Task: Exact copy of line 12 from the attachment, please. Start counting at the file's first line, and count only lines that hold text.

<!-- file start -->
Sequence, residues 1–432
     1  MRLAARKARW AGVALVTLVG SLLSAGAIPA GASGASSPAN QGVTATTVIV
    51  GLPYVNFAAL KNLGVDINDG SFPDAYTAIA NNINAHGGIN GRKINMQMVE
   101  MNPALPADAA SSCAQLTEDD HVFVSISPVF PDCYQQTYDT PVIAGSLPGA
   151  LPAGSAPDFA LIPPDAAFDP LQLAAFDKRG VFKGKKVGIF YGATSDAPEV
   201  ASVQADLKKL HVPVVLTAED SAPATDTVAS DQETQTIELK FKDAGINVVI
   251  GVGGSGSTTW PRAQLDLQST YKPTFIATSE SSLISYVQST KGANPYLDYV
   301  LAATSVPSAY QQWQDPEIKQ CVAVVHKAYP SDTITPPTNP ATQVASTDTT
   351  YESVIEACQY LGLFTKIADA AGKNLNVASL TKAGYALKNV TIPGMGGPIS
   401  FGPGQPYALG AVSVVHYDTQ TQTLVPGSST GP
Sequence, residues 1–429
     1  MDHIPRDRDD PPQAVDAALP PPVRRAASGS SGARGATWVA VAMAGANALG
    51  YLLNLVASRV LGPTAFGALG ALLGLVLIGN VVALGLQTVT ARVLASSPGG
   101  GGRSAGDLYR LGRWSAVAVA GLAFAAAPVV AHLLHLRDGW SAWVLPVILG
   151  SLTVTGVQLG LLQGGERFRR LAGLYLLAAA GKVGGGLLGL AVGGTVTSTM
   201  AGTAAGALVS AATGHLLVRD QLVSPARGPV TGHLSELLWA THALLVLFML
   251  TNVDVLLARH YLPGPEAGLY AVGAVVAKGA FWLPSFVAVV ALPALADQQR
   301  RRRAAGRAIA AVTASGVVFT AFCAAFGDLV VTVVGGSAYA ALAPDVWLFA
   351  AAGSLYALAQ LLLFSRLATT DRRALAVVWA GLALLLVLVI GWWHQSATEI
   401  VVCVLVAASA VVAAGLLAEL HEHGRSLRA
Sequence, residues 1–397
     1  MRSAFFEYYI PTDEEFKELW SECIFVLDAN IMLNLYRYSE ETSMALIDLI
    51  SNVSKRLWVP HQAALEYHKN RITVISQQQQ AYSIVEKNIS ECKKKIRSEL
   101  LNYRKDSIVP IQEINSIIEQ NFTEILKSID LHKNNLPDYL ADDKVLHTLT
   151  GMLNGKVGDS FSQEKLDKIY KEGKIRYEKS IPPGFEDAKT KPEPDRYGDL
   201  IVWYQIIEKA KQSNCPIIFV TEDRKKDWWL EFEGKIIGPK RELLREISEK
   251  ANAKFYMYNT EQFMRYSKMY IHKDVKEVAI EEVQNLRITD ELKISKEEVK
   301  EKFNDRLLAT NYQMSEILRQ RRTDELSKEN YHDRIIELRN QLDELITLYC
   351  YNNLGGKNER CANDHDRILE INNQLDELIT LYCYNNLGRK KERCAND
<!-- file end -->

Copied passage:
     1  MDHIPRDRDD PPQAVDAALP PPVRRAASGS SGARGATWVA VAMAGANALG